Narcissism and Narcissistic Abuse

Psychology
By Team Felicity
Wed Jun 30 2021

Narcissism and Narcissistic Abuse 

By Shreya Durve, MBBS Student

 

A narcissistic personality disorder is a mental health disorder in which the person involved has an inflated sense of self and an intense need for attention and affection. Such individuals tend to be involved in problematic relationships (romantic and otherwise) and exhibit a lack of empathy for the other person.

 

The 9 Traits of a Narcissist

The DSM manual has given 9 traits or core characteristics for an individual with the personality disorder to aid diagnosis.

  1. Grandiosity: An over-inflated sense of self, feelings of superiority over others.
  2. Need for admiration and affection: They need to be the centre of attention and tend to make conversations about themselves.
  3. Superficial and troublesome relationships: Build relationships with individuals only based on surface attributes and the benefit they can derive from them.
  4. Inconsiderate: Lack of understanding and empathy for others further creating a drift in relationships.
  5. A skewed sense of identity: While such individuals usually have an inflated sense of self, their grandiosity is easily threatened, and have very fragile self-esteem underneath it all.
  6. Not committed: Intimacy issues, superficial attachments, and lack of ability to form meaningful relationships.
  7. Unproductive: Increased feelings of boredom, loneliness, and depression.
  8. Unadaptable: Inability to adjust to the environment and keep up with personal and work-based goals.
  9. Self-harm: Increased incidence of suicide and depression. Usually associated with other psychiatric conditions.

 

The DSM- Criteria

A person has to have 5 of the 9 symptoms and signs to be diagnosed with a narcissistic personality disorder. 

  1. Grandiosity
  2. Preoccupation with fantasies of power
  3. The belief that they are unique and should be associated only with people of great candour
  4. Excessive need for attention and admiration
  5. Strong sense of entitlement
  6. Takes advantage of others and their relationships
  7. Lack of empathy
  8. Extreme jealousy and feeling that others are jealous of them
  9. Arrogant attitude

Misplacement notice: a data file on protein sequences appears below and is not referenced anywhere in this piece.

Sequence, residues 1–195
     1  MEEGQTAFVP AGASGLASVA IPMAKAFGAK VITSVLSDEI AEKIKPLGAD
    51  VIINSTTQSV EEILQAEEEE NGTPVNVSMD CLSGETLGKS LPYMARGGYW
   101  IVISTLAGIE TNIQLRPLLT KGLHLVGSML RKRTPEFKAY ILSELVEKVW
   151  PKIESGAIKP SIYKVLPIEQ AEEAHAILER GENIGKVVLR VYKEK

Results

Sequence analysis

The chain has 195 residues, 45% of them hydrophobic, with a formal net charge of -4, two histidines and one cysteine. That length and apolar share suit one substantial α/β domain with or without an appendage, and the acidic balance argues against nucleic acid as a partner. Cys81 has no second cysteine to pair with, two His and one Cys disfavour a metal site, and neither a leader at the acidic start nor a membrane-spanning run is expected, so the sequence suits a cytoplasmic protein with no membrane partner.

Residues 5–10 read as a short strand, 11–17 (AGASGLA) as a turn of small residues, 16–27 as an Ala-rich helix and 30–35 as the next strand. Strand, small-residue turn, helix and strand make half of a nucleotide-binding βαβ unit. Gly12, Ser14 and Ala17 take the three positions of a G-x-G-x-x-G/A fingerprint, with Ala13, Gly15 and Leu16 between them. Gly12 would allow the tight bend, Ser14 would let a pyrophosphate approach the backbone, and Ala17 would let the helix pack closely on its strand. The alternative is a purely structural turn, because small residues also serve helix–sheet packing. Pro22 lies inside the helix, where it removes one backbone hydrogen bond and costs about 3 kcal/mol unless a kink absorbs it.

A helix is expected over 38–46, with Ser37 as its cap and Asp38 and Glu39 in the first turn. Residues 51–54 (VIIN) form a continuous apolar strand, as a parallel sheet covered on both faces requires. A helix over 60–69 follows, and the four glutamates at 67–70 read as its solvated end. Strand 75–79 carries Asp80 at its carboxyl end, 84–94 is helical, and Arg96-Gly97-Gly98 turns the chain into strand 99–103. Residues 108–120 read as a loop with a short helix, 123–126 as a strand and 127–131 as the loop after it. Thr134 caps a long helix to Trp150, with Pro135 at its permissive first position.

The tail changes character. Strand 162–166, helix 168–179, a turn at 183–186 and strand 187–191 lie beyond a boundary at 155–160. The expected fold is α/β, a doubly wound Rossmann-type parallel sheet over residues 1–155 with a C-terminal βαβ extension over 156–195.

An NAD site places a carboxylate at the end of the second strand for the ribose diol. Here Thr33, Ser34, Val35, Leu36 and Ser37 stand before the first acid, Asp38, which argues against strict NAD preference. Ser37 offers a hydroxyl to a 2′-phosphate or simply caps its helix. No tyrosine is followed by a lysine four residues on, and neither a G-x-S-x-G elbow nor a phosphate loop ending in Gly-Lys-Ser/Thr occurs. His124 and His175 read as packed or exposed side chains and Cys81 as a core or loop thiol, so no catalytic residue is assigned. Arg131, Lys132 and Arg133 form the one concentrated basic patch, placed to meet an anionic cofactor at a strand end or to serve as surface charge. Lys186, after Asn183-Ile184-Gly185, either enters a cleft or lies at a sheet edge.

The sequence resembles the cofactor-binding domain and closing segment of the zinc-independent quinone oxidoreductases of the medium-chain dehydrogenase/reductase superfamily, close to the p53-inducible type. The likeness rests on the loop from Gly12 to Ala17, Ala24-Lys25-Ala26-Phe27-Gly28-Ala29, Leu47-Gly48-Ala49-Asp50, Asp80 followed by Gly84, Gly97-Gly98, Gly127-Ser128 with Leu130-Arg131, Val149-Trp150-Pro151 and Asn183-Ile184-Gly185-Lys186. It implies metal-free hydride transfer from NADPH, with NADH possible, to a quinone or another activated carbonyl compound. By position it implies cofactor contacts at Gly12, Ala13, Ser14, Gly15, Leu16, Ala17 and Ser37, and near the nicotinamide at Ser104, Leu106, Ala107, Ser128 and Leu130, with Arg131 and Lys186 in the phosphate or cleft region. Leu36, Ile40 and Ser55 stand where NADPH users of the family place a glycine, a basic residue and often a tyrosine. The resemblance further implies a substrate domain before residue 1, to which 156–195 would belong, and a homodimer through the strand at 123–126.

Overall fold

Recognition

While there may be a set criterion to diagnose the individuals, the actual scenario is much more complex. Not only do such individuals have poor insight, but those around them also cannot identify the signs very easily due to conditioning to toxic patterns.

Not all people with personality disorders present the same way – many appear extremely charismatic, confident and show a sense of power which may draw individuals to them – thereby perpetuating unhealthy patterns.

 

The risk factors and causes

  1. The disease presents itself more commonly in men than women: The presentation of men and women is also different. While males primarily present with inflated self-esteem, exploitative behaviour-based goals, and entitlement; women tend to show extreme signs of jealousy, competitiveness with other women, and insecurities. 
  2. Genetic and environmental influences: Individuals who have a relative with the disorder are more likely to develop it later in life. The way parents raise their children also influences the likelihood of the development of the disorder. Some reports say that individuals who have been overly pampered during childhood are more prone to the same.
  3. Extreme punishments and criticisms and equally extreme praising for behaviours is also a risk factor.
  4. Manipulative parents and friends: Learning is a primary mode of development of the disorder. Children with manipulative parents and friends will develop similar patterns. 
  5. Child abuse.
  6. Parents who have excessive expectations from children.
  7. Other unhealthy parent-child interactions.

 

Narcissistic Abuse

Many of the coping mechanisms employed by narcissists gravitate towards abusive patterns. Such patterns usually do not allow them to have fulfilling, healthy, and deep relationships – romantic and otherwise.

A person stuck in an abusive relationship usually has difficulty recognizing signs of abuse – due to conditioning. In such a situation, the most important aspect is identifying abusive patterns, building support, and moving forward with minimal harm to your mental health.